said Dr. Philippe Legrand, Chairman of France's Committee for Fatty Acid Dietary Recommendations, when I asked him to share one key takeaway I could bring back to Americans from the conference.

For a scientist who has dedicated his life to studying fats, I was prepared for him to launch into a nuanced discussion of fat composition in the diet. (Truth be told, I was also hoping he'd give me the green light to slather some butter onto my bread occasionally, which I noticed him doing at breakfast).

Why the recommendation to eat less? Chronic diseases, Legrand said, are strongly correlated with total energy (meaning how many total calories are consumed) and not really with the percent of total fats in the diet. "Only once energy is in balance, and excess is solved, then is fat composition of importance", he said.

I later strolled up to Dr. Ole Faergeman, former Chairman of the Danish Heart Association and a leading cardiologist in Europe. I repeated Legrand's statement and asked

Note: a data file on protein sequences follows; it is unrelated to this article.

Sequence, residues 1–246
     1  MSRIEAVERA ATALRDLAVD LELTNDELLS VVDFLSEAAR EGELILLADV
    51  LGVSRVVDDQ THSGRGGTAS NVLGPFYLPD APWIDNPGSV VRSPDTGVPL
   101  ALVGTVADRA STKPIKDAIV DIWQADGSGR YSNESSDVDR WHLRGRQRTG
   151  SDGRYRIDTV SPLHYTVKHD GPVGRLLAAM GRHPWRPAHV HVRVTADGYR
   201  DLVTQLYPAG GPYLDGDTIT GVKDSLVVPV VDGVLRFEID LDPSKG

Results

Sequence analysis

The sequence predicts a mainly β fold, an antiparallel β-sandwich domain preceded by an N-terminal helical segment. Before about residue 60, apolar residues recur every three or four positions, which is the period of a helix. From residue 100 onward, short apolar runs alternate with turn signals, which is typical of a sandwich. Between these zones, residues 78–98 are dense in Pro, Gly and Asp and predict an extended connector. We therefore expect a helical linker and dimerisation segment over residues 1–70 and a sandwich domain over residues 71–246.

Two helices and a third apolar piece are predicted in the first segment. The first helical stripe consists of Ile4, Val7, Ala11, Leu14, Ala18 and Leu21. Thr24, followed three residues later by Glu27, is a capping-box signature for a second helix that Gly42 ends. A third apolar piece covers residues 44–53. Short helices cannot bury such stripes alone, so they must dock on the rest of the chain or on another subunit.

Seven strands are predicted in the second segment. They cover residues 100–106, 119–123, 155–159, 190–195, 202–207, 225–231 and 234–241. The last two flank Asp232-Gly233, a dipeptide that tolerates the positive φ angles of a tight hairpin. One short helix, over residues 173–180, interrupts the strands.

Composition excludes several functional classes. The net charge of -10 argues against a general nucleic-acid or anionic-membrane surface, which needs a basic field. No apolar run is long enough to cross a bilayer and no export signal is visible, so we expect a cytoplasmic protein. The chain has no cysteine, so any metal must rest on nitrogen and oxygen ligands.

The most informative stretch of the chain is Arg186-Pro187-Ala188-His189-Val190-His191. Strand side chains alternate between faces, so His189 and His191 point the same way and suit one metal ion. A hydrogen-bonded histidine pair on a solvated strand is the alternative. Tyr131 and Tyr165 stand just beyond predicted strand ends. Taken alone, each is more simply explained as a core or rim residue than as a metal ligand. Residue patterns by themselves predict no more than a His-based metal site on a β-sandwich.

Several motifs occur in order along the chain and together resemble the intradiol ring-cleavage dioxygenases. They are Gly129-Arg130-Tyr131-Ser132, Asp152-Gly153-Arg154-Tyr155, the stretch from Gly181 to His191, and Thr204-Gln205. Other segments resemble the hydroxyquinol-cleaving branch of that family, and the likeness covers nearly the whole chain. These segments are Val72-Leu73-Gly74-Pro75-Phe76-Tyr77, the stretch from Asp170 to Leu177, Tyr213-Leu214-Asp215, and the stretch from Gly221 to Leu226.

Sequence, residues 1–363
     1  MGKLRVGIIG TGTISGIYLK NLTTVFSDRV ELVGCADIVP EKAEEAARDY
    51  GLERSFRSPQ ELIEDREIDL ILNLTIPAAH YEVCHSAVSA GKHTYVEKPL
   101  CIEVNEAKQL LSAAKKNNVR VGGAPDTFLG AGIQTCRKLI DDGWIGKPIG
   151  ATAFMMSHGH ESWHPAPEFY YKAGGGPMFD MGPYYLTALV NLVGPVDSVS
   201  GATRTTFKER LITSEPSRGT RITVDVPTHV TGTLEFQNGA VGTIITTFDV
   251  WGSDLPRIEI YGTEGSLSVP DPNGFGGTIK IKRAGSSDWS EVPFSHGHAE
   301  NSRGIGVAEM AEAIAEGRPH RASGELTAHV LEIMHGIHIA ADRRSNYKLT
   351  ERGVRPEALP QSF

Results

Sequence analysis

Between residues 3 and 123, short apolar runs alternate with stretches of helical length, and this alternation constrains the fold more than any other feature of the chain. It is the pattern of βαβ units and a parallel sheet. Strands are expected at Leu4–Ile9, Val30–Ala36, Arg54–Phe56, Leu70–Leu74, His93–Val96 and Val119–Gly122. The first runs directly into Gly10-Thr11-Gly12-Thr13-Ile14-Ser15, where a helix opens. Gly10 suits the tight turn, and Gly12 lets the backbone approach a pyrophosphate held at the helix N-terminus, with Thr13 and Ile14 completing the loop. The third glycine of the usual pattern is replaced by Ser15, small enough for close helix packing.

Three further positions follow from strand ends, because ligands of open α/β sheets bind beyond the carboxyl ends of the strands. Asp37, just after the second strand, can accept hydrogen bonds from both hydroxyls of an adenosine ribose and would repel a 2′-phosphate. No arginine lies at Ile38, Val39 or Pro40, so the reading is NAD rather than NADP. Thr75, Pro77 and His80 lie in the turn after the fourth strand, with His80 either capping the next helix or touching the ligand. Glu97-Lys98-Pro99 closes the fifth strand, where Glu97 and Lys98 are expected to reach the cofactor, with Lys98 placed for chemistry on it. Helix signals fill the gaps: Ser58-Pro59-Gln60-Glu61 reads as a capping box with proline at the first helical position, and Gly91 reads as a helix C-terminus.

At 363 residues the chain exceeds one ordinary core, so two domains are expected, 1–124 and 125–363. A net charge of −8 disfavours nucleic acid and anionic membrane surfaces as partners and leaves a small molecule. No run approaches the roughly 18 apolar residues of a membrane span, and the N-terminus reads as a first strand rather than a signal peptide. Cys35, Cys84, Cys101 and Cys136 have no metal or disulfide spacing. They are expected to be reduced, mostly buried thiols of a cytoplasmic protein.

"Is the primary concern if we can propose an 'order of priority' when it comes to America's national health crisis, simply consuming fewer calories?"

"He's absolutely right," Faergeman smiled.

First, eat less.

If you are wondering where to begin when it comes to your own list of diet or lifestyle challenges to tackle, many different lines of science presented at this conference seem to point to this simple but resounding statement: first, eat less.